University of Western Australia (UWA) Ph.D. candidate Chris Harris is investigating the use of graphics processing units (GPUs) in radio astronomy data processing. Harris says the GPUs typically used in desktop computers could provide the processing backbone for data-intensive applications running on supercomputers. "If you're trying to get [an] image of the sky using an interferometer, you're using multiple telescopes to get a better image," he says. "What that means is that you need to take those separate signals and combine them to form an image, and there's a great deal of computation involved in that."
Harris says that GPUs are designed to handle numerous, small processing tasks. "My research shows that when I use a GPU with a parallel correlation algorithm, it's 10 to a hundred times faster," he says. The GPU cards in a computer are already catching up to traditional, room-sized supercomputers.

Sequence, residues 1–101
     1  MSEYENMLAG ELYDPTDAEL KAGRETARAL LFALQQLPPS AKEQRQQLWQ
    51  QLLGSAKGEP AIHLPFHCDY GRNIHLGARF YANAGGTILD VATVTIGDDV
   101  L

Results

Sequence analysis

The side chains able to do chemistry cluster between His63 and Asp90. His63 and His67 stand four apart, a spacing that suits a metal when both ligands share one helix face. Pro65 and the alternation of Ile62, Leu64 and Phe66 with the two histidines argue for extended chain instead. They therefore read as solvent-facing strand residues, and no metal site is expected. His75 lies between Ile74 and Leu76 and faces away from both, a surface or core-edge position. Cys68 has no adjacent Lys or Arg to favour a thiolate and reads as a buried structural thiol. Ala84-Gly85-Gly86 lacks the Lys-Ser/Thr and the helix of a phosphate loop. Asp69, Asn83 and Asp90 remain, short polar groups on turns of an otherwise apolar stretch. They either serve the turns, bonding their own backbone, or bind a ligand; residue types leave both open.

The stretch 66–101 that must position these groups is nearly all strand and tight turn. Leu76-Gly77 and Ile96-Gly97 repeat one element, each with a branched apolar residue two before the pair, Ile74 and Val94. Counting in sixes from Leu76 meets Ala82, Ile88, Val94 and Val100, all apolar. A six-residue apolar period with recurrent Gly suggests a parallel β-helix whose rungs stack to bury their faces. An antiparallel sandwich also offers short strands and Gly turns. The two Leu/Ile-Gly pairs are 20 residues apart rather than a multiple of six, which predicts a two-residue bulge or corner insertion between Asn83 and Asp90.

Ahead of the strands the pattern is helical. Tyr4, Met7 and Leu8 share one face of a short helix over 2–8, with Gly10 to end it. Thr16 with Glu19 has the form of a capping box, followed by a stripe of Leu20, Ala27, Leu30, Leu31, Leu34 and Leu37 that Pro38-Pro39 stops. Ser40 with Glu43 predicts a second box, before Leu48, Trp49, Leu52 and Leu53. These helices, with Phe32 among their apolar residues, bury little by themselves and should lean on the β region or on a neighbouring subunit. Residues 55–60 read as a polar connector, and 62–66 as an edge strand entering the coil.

UWA professor Karen Haines says the ability to quickly process data makes GPUs invaluable to projects such as the Square Kilometre Array astronomy project, which has to process radio astronomy data from multiple telescopes, a task that requires a massive number of calculations. "The problem is that scientists go to the big computers to do their number crunching but then they use a different computer to look at their results," Haines says. "GPUs are letting us figure out not only how to process the data in real time, but how to let us look at the data while it is processing rather than at just the end."
From ScienceAlert (Australia)
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